When I began my Ph.D. research comparing diet responses across varying genetic backgrounds, I ambitiously expected to identify the “best” dietary pattern for health. But, it was quickly apparent that the data did not match the story in my head. As highlighted in the journal Genetics, my study showed there is no “one-size-fits-all” diet for optimal health and personalized, or precision diets, should allow for better health outcomes. Continue reading
Eating three meals per day- breakfast, lunch, and dinner- has become engrained in many cultures. Many hold the notion that regular and frequent eating is vital for health. Yet, new research suggests that eating the same total amount of food, but increasing the duration of fasting between meals may yield better health outcomes. Continue reading
Rates of diabetes are soaring in the United States and around the world. Here, we investigate the medical literature to identify whether a ketogenic diet, which is high in fat and low in carbohydrate, can improve symptoms of diabetes. Continue reading
It is known that dietary alterations can cause rapid shifts in weight, but few studies have examined how quickly diet can impact other physiological parameters, especially those related to cancer. A recent study in Nature Communications has identified that diet can have profound health effects in as little as two weeks. The researchers investigated the impact of dietary change on markers of colon health and correlated these changes with shifts in gut microbiome composition. Continue reading
Findings from the most recent review comparing the effects of fatty acids on heart disease do not agree with the current US nutritional recommendations. Current recommendations encourage replacing saturated fat intake with monounsaturated and polyunsaturated fats to reduce heart disease risk. The meta-analysis, published in the Annals of Internal Medicine, finds no association of saturated fat intake with heart disease. Continue reading
The low-fat diet has been widely popular for the past 50 years and for much of that time it was the default diet advocated by most health practitioners. For a time, the consensus was that a diet had to be low in fat to be healthy, especially for cardiovascular health. With the increasing number of studies, our understanding of the effects of dietary fat has shifted and the scientific consensus is beginning to change. Continue reading
A research article published in The New England Journal of Medicine on February 25, 2013 found that a traditional Mediterranean diet reduced risk of major cardiovascular events compared to a low-fat diet. The study suggested that a Mediterranean diet — rich in olive oil, nuts, beans, fish, fruits and vegetables — is healthier than a typical western diet. The study also demonstrated the challenges of conducting clinical research trials on diet. Continue reading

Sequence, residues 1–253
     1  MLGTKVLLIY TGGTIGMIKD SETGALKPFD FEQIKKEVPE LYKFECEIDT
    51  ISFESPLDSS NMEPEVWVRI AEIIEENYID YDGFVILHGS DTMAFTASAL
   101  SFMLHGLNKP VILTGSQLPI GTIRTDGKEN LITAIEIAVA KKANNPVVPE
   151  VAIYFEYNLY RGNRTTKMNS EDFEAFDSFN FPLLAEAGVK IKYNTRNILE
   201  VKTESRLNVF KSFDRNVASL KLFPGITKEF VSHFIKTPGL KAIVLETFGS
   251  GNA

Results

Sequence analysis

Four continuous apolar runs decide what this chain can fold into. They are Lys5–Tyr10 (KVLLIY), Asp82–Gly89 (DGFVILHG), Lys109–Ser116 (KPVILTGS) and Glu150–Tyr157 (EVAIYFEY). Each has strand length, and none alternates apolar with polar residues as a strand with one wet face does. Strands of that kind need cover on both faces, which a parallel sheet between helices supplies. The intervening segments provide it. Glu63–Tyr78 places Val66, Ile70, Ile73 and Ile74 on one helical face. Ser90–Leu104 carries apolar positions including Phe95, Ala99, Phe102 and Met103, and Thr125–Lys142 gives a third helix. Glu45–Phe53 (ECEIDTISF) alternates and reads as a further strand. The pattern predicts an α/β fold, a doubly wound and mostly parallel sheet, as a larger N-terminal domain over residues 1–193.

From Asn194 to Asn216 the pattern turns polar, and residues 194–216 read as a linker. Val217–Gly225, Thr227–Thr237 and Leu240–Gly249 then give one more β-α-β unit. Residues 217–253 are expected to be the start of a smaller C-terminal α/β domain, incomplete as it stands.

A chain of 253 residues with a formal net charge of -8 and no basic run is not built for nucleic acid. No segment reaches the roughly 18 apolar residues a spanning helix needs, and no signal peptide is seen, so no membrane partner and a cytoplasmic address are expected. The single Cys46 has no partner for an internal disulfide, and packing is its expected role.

Celiac disease is an autoimmune condition that manifests a wide range of symptoms in response to gluten consumption in affected individuals. Although the disease can cause autoimmune responses in many organs, the main damage occurs in the small intestine via the body’s immune cells attacking normal human tissues[i].
The current treatment for celiac disease is strict adherence to a gluten-free diet, which includes elimination of wheat, barley and rye. However, a recent scientific breakthrough may allow celiac patients to consume these products without suffering autoimmune issues. Continue reading
In today’s post, I’ll review a recent study proposing a possible mechanism for the benefits of a ketogenic diet. This post builds on my previous post about epigenetics.
In the research paper “Suppression of Oxidative Stress by β-Hydroxybutyrate, an Endogenous Histone Deacetylase Inhibitor,” researchers investigate the role of β-Hydroxybutyrate (βOHB) in preventing damage by oxidative stress. βOHB is a product of fat oxidation and serves as the major source of energy during prolonged exercise, under fasting conditions, or when following a ketogenic diet. Continue reading
Diet is widely known to impact how we look and feel, but new research suggests that diet also affects brain function and memory. Continue reading